Letter from Zimbabwe

Dear Family and Friends,

After a fortnight away you return to Zimbabwe and instantly know you are home: you can feel it in your heart, sense it in your soul, breathe it into your lungs, see it with your own eyes. It’s not just the beautiful blue sky, hot sun and stunning landscapes but much more than that, it’s the people: children straggling home from school along the highways, waving as you drive by; women sitting on the roadsides selling veggies and bowls of wild fruits; hundreds of people along all the pavements selling everything they can think of in order to make a living. Yes, there are the negatives too and as ugly as they are, they have also become the face of home, the face of Zimbabwe in

2016 and for many years before today: hundreds of people queuing outside every bank in every town to try and withdraw their own money; endless police stops, many with their intimidation and determination to extract a few dollars from you; derelict, unproductive seized farms; endless kilometers of missing roadside fences leaving cattle, goats and donkeys straying onto the highways; dumped litter everywhere, on the roadsides, around the towns, in the suburbs; closed factories, crumbling industrial areas with rusting fences and weeds growing through concrete.

Before long it is your civic duty as a Zimbabwean to again catch up on the news about what’s been happening while you were away: the incessant political positioning and posturing, finger pointing, accusations and stories of corruption. There has been more brutality at attempted demonstrations, more arrests, and just more, more, more of the same. It’ almost too much to bear, too shocking, embarrassing, disgraceful to follow but then you find the hidden gem, the light in the darkness. This week it came from 28 year old Zimbabwean Nyasha Musandu.

In a superb article after her arrest in Harare for sitting in a park with nine others in peaceful protest against the introduction of Bond notes in Zimbabwe, Nyasha Musundu uses one simple phrase that leaves you unable to sleep at night as you wrestle with your own conscience about your place and your role in the 17th year of Zimbabwe’s crisis. Musandu says: “I am You.” Musandu’s article is posted in full on social media sites but these extracts bear repetition:

“Despite earlier reports that activists… had been abducted and tortured during the night, … we decided to be accountable to each other.”

“We …decided that sitting peacefully in the park, in solidarity, was the very least we could do to exercise our constitutional right and to register our dissatisfaction with a policy of government.”

“We held on to the belief that if we could be the example of the Zimbabwe we want to create, then that would be a victory…”

“I am merely a concerned citizen, who looks up and sees a country being deprived of the promises it was made at the dawn of independence.”

“I am a citizen who wants the opportunity to work hard, buy a home and also create opportunities for my future children. I want an equal playing field that allows me to thrive within my own country….”

“I wanted to lead by example and face fear. I wanted to be a living example of kusatya (being unafraid). I wanted to reassure myself that if a few people stand up for what is right, eventually we can all stand together. I wanted to get home and feel I had played my part in nation building.”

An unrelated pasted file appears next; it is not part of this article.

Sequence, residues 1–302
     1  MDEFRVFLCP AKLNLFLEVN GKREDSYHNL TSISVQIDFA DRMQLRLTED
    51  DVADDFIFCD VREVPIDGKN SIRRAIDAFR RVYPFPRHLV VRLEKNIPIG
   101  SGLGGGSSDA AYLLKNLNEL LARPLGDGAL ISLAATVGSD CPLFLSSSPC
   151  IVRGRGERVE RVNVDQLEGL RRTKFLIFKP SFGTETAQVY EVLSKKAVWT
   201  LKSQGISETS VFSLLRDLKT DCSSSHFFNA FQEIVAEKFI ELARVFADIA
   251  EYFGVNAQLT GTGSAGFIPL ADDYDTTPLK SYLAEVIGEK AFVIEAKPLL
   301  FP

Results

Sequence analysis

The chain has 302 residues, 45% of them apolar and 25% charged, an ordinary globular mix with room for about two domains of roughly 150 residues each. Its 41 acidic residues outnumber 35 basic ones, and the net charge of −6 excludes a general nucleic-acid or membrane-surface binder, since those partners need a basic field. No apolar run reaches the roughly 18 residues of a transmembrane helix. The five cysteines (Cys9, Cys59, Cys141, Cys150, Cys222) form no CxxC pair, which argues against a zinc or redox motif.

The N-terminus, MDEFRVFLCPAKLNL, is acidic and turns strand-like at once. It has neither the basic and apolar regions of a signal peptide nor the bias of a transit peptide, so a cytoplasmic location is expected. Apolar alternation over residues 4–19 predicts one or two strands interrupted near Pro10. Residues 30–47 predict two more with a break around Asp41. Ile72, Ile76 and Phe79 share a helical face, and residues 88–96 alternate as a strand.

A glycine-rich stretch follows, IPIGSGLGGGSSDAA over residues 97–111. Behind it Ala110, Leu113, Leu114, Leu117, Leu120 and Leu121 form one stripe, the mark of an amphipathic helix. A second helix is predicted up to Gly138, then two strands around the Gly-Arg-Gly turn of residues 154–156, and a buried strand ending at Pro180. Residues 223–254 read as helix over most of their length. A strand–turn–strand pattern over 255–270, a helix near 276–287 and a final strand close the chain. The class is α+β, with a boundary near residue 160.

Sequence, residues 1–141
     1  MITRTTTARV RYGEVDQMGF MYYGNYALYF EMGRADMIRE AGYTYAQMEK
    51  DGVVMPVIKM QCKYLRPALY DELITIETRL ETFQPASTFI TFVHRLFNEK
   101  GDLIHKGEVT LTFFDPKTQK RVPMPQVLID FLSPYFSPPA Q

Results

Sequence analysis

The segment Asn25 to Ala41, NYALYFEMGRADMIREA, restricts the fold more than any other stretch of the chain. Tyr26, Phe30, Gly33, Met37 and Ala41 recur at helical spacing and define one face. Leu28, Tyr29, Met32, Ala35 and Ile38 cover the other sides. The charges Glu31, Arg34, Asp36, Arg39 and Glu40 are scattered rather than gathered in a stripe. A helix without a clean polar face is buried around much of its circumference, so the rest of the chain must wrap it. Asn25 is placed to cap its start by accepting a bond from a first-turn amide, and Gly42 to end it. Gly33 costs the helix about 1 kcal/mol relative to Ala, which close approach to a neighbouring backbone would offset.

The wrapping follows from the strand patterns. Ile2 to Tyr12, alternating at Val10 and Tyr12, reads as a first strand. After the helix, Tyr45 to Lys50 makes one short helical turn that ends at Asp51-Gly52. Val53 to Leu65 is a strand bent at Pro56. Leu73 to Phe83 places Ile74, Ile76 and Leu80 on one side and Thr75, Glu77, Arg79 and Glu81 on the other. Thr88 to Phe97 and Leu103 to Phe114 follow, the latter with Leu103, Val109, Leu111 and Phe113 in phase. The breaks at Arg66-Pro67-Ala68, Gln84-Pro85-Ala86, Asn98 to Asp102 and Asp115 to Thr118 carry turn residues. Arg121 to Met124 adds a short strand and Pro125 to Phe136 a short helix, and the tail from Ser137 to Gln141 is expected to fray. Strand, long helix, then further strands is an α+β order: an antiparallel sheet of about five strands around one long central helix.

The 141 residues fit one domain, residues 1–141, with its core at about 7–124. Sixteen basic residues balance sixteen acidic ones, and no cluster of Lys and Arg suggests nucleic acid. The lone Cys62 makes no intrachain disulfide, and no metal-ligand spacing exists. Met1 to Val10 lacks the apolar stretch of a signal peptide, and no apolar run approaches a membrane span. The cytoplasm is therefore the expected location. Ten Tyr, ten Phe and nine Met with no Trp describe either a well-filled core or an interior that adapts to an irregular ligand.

“I am someone’s daughter… I am someone’s sister… I am someone’s girlfriend, friend and associate. I am you . . . a mere citizen of Zimbabwe.”

“We don’t want to be something special, we don’t want to be heroes, we just want to be the change we want to see in the world….if we really want change, we all have to do better. ALL OF US.”

Nyasha Musandu, a 28 year old Zimbabwean, born eight years after Zimbabwe’s Independence, ended her article with the words: “ I stood up to Goliath. What are you doing?…” A damning question that leaves us searching our souls and questioning if we are being accountable and empathetic to each other through this nightmare or simply floating in a bubble. I salute you Nyasha Musandu and as we struggle in our own ways to strive for a new Zimbabwe and not be broken in the process , it helps to remember the words of Michelle

Obama: ”When they go low we go high.”

Until next time, thanks for reading, love cathy. 25th November 2016 Copyright   Cathy Buckle. www.cathybuckle.com <http://www.cathybuckle.com/>

For information on my new book, “RUNDI,” about hand rearing baby elephants in the mid 1980’s , or my other books about life in

Zimbabwe: “SLEEPING LIKE A HARE,” “MILLIONS, BILLIONS, TRILLIONS,” “CAN YOU HEAR THE DRUMS,” “INNOCENT VICTIMS”

“AFRICAN TEARS”, “BEYOND TEARS” and “IMIRE,” or to subscribe/unsubscribe to this letter, please visit my website or contact cbuckle@zol.co.zw <mailto:cbuckle@zol.co.zw> . (To see pictures of images described in this and other letters go

to: http://www.facebook.com/cathybuckleafricantears

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2 Responses to Letter from Zimbabwe

  1. carlilee says:

    It is so upsetting what is happening in Zim right now. That they have no cash in the country is appalling! People are struggling to survive and to top it all, they have awful droughts at the moment. I don’t know how people are surviving. It also seems that the phone calls and emails are being monitored so many are too scared to say anything. It is a travesty and I feel so sorry for everyone there.

  2. Peter T says:

    I agree with you, let’s hope we don’t land up in a similar situation!

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